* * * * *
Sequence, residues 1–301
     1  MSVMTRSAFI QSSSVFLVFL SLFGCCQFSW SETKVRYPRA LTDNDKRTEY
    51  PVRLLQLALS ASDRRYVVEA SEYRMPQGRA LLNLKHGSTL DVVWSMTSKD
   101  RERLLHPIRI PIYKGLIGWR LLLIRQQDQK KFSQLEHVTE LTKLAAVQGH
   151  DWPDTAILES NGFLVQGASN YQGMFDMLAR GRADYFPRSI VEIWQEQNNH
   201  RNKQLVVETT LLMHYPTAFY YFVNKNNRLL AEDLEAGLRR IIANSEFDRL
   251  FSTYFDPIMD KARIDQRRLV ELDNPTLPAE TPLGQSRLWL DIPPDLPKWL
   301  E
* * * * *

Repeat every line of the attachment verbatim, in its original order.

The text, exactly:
Sequence, residues 1–301
     1  MSVMTRSAFI QSSSVFLVFL SLFGCCQFSW SETKVRYPRA LTDNDKRTEY
    51  PVRLLQLALS ASDRRYVVEA SEYRMPQGRA LLNLKHGSTL DVVWSMTSKD
   101  RERLLHPIRI PIYKGLIGWR LLLIRQQDQK KFSQLEHVTE LTKLAAVQGH
   151  DWPDTAILES NGFLVQGASN YQGMFDMLAR GRADYFPRSI VEIWQEQNNH
   201  RNKQLVVETT LLMHYPTAFY YFVNKNNRLL AEDLEAGLRR IIANSEFDRL
   251  FSTYFDPIMD KARIDQRRLV ELDNPTLPAE TPLGQSRLWL DIPPDLPKWL
   301  E